Numerous scriptural passages teach that those who receive the gift of eternal life will look like God, receive the inheritance of God, receive God’s glory, be one with God, sit upon God’s throne, and exercise the power and rule of God. So calling them “gods,” as C.S. Lewis and many others in Christian history have done, seems entirely reasonable.
These columns invariably run between 736 and 739 words in length. Plainly, they can’t be as nuanced as a complex topic such as this demands, nor can they engage every issue or objection. For more detailed treatments of the ancient Christian doctrine, see Keith Norman’s Duke University dissertation “Deification: The Content of Athanasian Soteriology,” which is accessible online at publications.maxwellinstitute.byu.edu/people/keith-edward-norman/, and Father Jordan Vajda’s Berkeley master’s thesis “Partakers of the Divine Nature: A Comparative Analysis of Patristic and Mormon Doctrines of Divinization,” published at BYU in 2002 but unfortunately unavailable online.
Members of The Church of Jesus Christ of Latter-day Saints believe that human beings can grow spiritually and progress morally until, through divine mercy and grace, they can inherit and possess all that the Father has. To put it bluntly, if they’re faithful they can become gods. This is taught in revelations given to modern prophets (see Doctrine and Covenants 76:58; 132:19-20), as well as in sermons delivered by Joseph Smith. A couplet associated with President Lorenzo Snow, fifth president of the LDS Church, explains that “As man now is, God once was; as God now is, man may become.”
But this doctrine is often misrepresented and misunderstood, and has drawn a great deal of both mockery and hostility from critics of Mormonism. So it’s essential to understand it correctly:
While Latter-day Saints don’t believe that human beings will be literally absorbed into God in the manner taught by some Christian and other mystics, they also don’t believe that humans will ever be independent of God, or that they’ll ever cease to be subordinate to God. They believe that to become as God is means to overcome the world through the Atonement of Jesus Christ (see 1 John 5:4-5; Revelation 2:7, 11). Thus, the faithful become heirs of God and joint heirs with Christ and will inherit all things — just as Christ inherits all things (see Romans 8:17; Galatians 4:7; 1 Corinthians 3:21-23; Revelation 21:7). They’re received into the “church of the firstborn,” meaning that they inherit as though they were the firstborn (see Hebrews 12:23). There are no limitations on these scriptural declarations; those who become as God inherit everything God has. In that glorified state, they’ll resemble our Savior; they’ll receive his glory and be one with him and the Father (see 1 John 3:2; 1 Corinthians 15:49; 2 Corinthians 3:18; John 17:21-23; Philippians 3:21).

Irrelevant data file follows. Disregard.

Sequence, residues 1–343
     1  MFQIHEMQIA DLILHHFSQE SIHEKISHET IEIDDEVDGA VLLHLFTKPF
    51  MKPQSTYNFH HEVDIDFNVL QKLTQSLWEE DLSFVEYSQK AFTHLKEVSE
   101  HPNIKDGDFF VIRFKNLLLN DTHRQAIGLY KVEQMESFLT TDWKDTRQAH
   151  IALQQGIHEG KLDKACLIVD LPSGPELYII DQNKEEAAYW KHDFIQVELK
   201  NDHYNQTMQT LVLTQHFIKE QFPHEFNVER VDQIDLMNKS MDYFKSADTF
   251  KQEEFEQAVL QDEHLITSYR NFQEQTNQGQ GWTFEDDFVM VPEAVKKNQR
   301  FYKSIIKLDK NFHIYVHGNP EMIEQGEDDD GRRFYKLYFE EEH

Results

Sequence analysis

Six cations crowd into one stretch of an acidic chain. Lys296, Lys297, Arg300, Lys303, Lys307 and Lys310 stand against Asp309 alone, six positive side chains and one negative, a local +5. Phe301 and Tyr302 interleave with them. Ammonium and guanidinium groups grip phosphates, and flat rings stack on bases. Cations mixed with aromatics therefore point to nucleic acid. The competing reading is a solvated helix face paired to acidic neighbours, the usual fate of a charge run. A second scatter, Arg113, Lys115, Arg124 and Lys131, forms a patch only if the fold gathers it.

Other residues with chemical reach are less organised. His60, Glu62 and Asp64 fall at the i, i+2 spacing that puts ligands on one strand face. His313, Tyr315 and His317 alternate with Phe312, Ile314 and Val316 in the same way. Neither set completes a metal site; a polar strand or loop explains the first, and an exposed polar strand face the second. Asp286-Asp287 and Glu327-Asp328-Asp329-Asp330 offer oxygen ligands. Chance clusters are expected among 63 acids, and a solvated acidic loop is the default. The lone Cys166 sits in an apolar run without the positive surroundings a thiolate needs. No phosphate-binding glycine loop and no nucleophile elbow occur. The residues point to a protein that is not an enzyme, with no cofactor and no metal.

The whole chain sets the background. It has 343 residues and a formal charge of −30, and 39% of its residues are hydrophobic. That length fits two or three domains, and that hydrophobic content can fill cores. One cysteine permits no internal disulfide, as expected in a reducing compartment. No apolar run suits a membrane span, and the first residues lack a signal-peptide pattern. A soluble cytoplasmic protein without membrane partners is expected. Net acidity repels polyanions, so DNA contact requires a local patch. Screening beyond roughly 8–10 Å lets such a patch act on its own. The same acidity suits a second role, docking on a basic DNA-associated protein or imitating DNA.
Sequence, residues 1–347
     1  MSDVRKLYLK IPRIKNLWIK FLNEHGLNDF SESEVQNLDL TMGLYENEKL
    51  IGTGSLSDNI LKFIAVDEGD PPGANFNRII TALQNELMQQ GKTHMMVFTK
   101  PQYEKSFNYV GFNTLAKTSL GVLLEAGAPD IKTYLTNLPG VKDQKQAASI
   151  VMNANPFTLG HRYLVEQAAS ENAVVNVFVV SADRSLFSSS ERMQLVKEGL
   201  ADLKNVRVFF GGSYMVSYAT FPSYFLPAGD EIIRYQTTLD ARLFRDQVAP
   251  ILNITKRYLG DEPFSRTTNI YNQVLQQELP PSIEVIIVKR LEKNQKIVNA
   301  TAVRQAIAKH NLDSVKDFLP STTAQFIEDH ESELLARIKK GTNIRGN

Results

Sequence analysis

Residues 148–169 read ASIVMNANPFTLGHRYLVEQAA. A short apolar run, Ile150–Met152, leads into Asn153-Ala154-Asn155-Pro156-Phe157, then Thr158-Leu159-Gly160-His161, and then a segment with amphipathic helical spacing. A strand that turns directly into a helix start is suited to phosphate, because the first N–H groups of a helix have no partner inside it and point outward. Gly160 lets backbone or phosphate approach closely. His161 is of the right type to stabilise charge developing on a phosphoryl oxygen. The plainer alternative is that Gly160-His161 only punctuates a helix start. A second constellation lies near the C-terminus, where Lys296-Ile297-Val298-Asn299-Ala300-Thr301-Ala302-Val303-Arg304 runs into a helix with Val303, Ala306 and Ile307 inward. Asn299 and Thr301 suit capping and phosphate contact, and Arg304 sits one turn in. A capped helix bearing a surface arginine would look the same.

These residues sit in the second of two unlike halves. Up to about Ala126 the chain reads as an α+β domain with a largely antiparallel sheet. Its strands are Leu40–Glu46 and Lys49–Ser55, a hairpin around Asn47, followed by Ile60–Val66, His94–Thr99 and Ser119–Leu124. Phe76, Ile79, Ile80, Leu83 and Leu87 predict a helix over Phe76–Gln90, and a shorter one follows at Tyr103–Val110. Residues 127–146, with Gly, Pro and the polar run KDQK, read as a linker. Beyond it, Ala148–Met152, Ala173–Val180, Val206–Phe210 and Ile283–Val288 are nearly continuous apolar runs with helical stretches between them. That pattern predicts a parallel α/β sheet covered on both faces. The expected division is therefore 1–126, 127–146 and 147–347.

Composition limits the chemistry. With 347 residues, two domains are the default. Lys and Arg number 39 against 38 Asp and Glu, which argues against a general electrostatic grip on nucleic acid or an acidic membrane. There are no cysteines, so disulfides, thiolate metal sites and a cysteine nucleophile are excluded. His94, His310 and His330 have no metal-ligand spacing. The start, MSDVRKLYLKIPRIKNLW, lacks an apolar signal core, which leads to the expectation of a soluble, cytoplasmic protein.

It’s also important to know that the doctrine of human deification isn’t an exclusively Mormon teaching. It — or something remarkably like it — can also be found in early Christian history. I’ll offer just a few examples here:
In the second century, Irenaeus, bishop of Lyons, who is arguably the most important Christian theologian of his time (about A.D. 130-200), said much the same thing as President Snow: “If the Word became a man, it was so men may become gods.”
Similarly, Irenaeus' rough contemporary Clement of Alexandria (about A.D. 150-215) wrote, “Yea, I say, the Word of God became a man so that you might learn from a man how to become a god.” And, referring to the famous pagan pre-Socratic philosopher Heraclitus, Clement endorsed his declaration that “Men are gods, and gods are men.” This recalls the apostle Paul’s approving citation of the third-century B.C. pagan poet Aratus of Cilicia to a pagan audience in Athens (Acts 17:28-29): Paul taught that humans are God’s “offspring.” (See my earlier discussion in a column from March 2013, "Every man, woman and child is a child of God").
Earlier in the second century, St. Justin Martyr (about A.D. 100-165) insisted that humans can be “deemed worthy of becoming gods and of having power to become sons of the highest.” Athanasius, bishop of Alexandria (about A.D. 296-373), also stated his belief in deification in terms very similar to those of Lorenzo Snow: “The Word was made flesh in order that we might be enabled to be made gods.” On another occasion, Athanasius observed that “He became man that we might be made divine.” Finally, Augustine of Hippo (A.D. 354-430), perhaps the greatest of the early Christian Fathers, said: “But he himself that justifies also deifies, for by justifying he makes sons of God. ‘For he has given them power to become the sons of God’ (John 1:12). If then we have been made sons of god, we have also been made gods.”
These five writers weren’t just orthodox Christians; in time, they were revered as saints. Three of them wrote within roughly a century of the apostles. Human deification was part of historical Christianity until relatively recent times, and a form of it still exists in some Eastern Christian churches. One scholar states that recognizing “the history of the universe as the history of divinization and salvation” was fundamental to ancient orthodox Christianity: “Because the Spirit is truly God, we are truly divinized by the presence of the Spirit.”
Whether one accepts or rejects the doctrine of human deification, it was clearly taught in very early Christianity. Joseph Smith obviously didn’t make it up. Instead, Latter-day Saints believe, it’s an eternal truth miraculously restored through a modern prophet.